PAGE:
Graham Reid | | 1 min read
To be honest, I had largely forgotten about Odetta until she died in 2008 at the age of 77. I imagined her as much older actually as she seemed to have been around since Biblical times, or at least all of my life.
The great folk singer and activist had been an influence on the young Bob Dylan and Joan Baez, had sung in small halls and cafes, and when Rosa Parks was asked what songs meant something to her she replied, "All of Odetta's songs".
She listened to, and then sang, blues and prison songs and by the early Fifties was in New York where she sang in coffeehouses -- and also in 1960 played a solo concert at Carnegie Hall. She marched with Martin Luther King and . . .
But that isn't my story: I interviewed her in '89 when she came to New Zealand for a concert at the Auckland Town Hall -- which was the single most embarrassing concert I have ever been at. It was strange.
First of all there was no one there. Well, maybe about 20 people -- and my seat was in the balcony. Not a soul around me.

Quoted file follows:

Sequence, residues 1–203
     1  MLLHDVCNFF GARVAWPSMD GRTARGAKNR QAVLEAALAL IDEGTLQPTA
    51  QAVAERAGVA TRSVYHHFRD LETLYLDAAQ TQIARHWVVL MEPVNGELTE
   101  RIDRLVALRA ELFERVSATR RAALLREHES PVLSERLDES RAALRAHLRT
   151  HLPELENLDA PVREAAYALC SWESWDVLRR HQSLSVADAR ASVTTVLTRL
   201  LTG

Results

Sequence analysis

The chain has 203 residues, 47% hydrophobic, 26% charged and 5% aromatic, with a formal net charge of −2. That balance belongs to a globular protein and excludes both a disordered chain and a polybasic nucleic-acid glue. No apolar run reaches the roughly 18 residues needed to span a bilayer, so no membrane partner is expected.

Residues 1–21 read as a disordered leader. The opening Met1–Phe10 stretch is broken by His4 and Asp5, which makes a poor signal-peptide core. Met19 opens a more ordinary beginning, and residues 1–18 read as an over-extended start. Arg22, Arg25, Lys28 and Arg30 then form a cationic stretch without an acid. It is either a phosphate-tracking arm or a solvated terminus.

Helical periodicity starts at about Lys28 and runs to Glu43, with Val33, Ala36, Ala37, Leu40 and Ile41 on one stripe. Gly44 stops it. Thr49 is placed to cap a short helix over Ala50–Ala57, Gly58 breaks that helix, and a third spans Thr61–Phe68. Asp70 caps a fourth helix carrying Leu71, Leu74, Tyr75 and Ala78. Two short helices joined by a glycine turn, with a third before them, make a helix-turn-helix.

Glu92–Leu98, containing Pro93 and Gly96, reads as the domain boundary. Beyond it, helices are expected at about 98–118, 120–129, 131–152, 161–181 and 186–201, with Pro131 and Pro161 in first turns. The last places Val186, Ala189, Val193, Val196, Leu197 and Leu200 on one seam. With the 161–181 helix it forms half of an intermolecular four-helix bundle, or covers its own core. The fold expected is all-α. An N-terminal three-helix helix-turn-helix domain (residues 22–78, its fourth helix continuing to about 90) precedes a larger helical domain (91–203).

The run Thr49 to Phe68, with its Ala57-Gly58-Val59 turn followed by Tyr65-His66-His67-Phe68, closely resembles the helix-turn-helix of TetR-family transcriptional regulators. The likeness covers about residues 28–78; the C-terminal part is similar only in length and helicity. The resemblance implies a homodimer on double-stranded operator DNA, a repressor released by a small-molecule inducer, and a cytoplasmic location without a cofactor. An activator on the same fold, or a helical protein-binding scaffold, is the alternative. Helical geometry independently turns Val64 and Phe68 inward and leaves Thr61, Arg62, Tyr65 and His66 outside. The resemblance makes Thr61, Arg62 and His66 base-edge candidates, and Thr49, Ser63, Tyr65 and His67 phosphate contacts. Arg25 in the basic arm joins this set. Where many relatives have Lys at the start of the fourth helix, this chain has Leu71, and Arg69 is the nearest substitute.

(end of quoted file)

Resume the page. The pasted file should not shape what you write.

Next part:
I said to usherette I would just move down to the front on the ground floor where there were hundreds of spare chairs . . . and she said I had to stay in my allocated seat. I moved anyway.
The few folkies in evidence roundly booed, slow-clapped and heckled the opening act -- a fine blues singer from Wellington with a guitarist -- because they just wanted to see Odetta and go home. They were nasty people in my book.
However it was an odd concert.
Odetta appeared at start carrying incense and lead the audience into singing that godawful Kumbaya, then disappeared while the locals tried to make an impression.
Odetta came back to warm if barely audible applause and sang a terrific, strident set of deep blues and folk. But there were so few people there I just felt embarrassed for her.
However when she died I looked back on my interview with her. The opening lines said it all: "[She] has kept her sense of humour about the 15 year lull in her recording career".
As she graciously accepted the applause after her final song she'd clearly also kept it about playing to huge, but empty hall in Auckland.